How the Coronavirus Changed Tuesday's Democratic Primaries in Arizona, Florida, Illinois and Ohio
As information about the coronavirus pandemic rapidly changes, PEOPLE is committed to providing the most recent data in our coverage. Some of the information in this story may have changed after publication. For the latest on COVID-19, readers are encouraged to use online resources from CDC, WHO, and local public health departments and visit our coronavirus hub.
As Democratic voters across the country decide who should be the party’s nominee to run against President Donald Trump in November — former Vice President Joe Biden and Vermont Sen. Bernie Sanders are the leading contenders — state primaries in Arizona, Florida, Illinois and Ohio felt the impact of the coronavirus’ spread.
Ohio Gov. Mike DeWine made a last-minute push to preserve his state’s primary voting by declaring a “health emergency” late Monday and ordered polls to be closed on Tuesday after the Trump administration asked Americans earlier in the day to refrain from gathering in groups of more than 10 people.
The state’s Supreme Court upheld the Republican governor’s decision early Tuesday, likely delaying the primary until June.
“Logistically, under these extraordinary circumstances, it simply isn’t possible to hold an election tomorrow that will be considered legitimate by Ohioans,” DeWine tweeted in a lengthy thread Monday night. “They mustn’t be forced to choose between their health and exercising their constitutional rights.”
With Ohio’s change, 441 delegates are up for grabs Tuesday in Arizona, Florida and Illinois. (Republican voters are technically also casting ballots for their candidate, but the president has overwhelmingly won state contests among conservatives so far, in what has basically amounted to a formality.)
Primaries were largely hindered Tuesday with low voter turnout amid the federal government’s recommendation that people stay home and practice “social distancing” to help stop the rate of new infections.
Biden, 77, led Sanders, 78, in polling in every state scheduled to vote Tuesday, according to polling averages by RealClear Politics.
The former vice president is the Democratic front-runner after he mounted a dramatic comeback over the past month and surpassed Sanders in the total delegate count, primary wins and polling numbers.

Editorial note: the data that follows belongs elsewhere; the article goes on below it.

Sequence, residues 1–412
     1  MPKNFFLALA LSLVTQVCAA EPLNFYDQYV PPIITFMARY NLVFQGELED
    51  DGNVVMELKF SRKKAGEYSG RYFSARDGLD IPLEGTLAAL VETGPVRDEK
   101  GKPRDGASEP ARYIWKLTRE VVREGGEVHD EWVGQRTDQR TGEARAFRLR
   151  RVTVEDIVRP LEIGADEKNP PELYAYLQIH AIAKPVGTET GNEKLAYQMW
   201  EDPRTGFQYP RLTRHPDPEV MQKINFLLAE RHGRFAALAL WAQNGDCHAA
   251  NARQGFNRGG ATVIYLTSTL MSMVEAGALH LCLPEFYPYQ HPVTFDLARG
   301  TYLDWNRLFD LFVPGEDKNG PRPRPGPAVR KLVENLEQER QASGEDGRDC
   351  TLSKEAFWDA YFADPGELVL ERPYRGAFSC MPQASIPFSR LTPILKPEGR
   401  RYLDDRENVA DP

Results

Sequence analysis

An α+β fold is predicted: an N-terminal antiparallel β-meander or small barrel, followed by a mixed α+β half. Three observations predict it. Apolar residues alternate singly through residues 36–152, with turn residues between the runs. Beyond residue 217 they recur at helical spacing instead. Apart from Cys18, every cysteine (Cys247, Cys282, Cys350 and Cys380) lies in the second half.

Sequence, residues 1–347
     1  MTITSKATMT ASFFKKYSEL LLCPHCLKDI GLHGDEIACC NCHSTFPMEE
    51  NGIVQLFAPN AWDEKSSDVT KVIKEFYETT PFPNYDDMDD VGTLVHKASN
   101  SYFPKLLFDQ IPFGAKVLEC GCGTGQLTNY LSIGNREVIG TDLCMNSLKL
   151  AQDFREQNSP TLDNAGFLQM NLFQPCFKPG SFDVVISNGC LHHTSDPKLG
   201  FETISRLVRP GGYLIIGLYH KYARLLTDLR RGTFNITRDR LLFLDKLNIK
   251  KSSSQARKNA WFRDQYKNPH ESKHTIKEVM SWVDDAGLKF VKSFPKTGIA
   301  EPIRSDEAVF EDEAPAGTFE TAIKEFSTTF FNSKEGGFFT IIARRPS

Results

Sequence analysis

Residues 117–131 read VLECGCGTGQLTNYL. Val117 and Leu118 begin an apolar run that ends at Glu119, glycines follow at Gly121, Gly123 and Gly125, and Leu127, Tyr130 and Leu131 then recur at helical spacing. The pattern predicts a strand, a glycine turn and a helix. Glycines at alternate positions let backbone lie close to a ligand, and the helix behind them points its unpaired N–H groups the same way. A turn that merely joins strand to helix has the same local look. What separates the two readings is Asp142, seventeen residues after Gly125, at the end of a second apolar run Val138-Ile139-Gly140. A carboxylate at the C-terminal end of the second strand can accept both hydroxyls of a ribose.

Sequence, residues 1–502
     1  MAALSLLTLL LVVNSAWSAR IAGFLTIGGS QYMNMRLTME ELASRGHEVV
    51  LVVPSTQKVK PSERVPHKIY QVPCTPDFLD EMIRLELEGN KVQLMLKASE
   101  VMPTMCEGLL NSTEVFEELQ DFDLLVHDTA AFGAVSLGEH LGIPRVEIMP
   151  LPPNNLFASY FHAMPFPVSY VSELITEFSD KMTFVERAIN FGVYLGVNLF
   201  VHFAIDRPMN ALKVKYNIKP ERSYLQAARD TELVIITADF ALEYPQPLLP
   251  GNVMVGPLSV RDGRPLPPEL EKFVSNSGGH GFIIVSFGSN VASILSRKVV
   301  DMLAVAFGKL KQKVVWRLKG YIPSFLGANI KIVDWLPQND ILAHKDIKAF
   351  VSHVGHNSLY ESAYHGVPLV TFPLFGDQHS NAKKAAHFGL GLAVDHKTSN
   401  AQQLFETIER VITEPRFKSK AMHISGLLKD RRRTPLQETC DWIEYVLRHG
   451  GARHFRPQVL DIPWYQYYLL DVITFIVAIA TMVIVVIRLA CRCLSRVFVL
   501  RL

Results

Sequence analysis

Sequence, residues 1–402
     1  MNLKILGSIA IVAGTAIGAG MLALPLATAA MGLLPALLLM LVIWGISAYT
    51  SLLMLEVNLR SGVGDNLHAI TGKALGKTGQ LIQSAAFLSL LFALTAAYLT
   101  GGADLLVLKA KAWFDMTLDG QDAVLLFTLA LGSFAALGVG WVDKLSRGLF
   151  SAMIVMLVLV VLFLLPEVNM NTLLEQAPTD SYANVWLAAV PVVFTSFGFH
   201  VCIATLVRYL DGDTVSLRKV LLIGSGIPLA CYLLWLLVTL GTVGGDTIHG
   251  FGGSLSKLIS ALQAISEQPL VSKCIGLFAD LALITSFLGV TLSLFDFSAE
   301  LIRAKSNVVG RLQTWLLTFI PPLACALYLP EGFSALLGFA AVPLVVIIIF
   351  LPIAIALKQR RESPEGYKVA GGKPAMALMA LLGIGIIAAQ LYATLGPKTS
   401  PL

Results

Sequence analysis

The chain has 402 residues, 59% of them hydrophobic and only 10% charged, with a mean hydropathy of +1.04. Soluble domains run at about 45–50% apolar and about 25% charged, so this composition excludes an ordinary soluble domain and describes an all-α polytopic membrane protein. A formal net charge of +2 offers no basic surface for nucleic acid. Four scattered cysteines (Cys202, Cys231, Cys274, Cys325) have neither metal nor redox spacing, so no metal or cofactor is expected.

In Illinois, Chicago city officials told reporters they saw “extremely low turnout” on Tuesday morning and pushed for Gov. J.B. Pritzker to follow suit with Ohio and delay the primary.
Chicago Mayor Lori Lightfoot said the city saw historic early voting numbers that could help total turnout numbers, but some residents reportedly said they never received their early voting ballots and didn’t feel comfortable risking a trip to the polls.
In Florida — a swing state in the 2020 general election — Democrats looked to show strong support for a candidate after Trump won in a tight contest there in 2016 with then-Democratic presidential nominee Hillary Clinton.
The state’s governor, Gov. Ron DeSantis, told reporters at a COVID-19 briefing over the weekend that “we’re definitely voting.”
“They voted during the Civil War,” he said, according to Politico. “We’re going to vote.”
Florida’s Secretary of State Laurel Lee told The New York Times that more than two million early voting ballots had been cast ahead of Tuesday’s primary vote.
In Arizona, where Biden is expected to win big over Sanders, voting was still on Tuesday as well.
Louisiana and Georgia have both pushed back their primary dates: Georgia has postponed its primary until May 19, while Louisiana pushed its primary back to June 20.
Kentucky postponed its May primary until June 23, while New York is considering the same date.
Puerto Rico has also delayed its primary vote later this month until April 26.
Both Biden and Sanders have halted in-person campaign events as the world community moves toward isolation and social distancing in a bid to blunt the risks of the coronavirus, which has killed more than 7,000 people.
The public health emergency upended the Democratic candidates’ plans to hit the campaign trail hard as the party’s primary contest has largely been left between them (though Hawaii Rep. Tulsi Gabbard still remains in the race, albeit with minimal support and no primary wins).
On Sunday, Biden and Sanders debated in Washington, D.C., without an audience after health officials increasingly urged Americans to avoid gathering in large groups — ultimately forcing the candidates, as well as President Trump, to cancel their scheduled campaign events in the near future.
The Democratic Party opted against a live audience for Sunday’s debate, which was then moved to host CNN’s TV studios in D.C.
“I am very careful about the people I am interacting with,” Sanders said during the debate, noting that his entire campaign staff is working from home. “I am using a lot of soap and hand sanitizers to make sure that I do not get the infection.”
The candidates have shifted toward using their political platforms to raise awareness about coronavirus safety and criticize the Trump administration’s handling of the pandemic.
The number of confirmed cases in the U.S. surpassed 5,000 as of Tuesday afternoon, while the number of deaths in America reached 93. Worldwide, there were about 196,000 confirmed cases.
“Coronavirus is bigger than any one of us,” Biden tweeted Monday. “Please take care of yourself, wash your hands, and practice social distancing. We will get through this — together.”
To prevent the spread of the virus, the Centers for Disease Control and Prevention encourages maintaining basic forms of hygiene including careful hand washing, avoiding touching the face, moving away from people who are coughing or sneezing and staying home at signs of illness.